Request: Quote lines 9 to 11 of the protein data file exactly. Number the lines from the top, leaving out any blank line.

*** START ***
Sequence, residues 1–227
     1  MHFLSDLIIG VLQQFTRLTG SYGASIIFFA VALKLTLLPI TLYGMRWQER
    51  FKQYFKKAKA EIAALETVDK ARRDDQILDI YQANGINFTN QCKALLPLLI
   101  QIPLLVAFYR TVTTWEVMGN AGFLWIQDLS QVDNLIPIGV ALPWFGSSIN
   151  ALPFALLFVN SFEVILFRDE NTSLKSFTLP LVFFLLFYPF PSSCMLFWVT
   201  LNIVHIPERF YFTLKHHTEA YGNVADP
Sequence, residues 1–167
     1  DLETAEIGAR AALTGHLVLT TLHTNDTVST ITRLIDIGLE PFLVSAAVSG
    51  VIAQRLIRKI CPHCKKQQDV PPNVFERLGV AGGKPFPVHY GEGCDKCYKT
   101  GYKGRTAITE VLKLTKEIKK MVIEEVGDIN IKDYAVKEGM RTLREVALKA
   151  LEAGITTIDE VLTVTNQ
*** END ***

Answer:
    51  VIAQRLIRKI CPHCKKQQDV PPNVFERLGV AGGKPFPVHY GEGCDKCYKT
   101  GYKGRTAITE VLKLTKEIKK MVIEEVGDIN IKDYAVKEGM RTLREVALKA
   151  LEAGITTIDE VLTVTNQ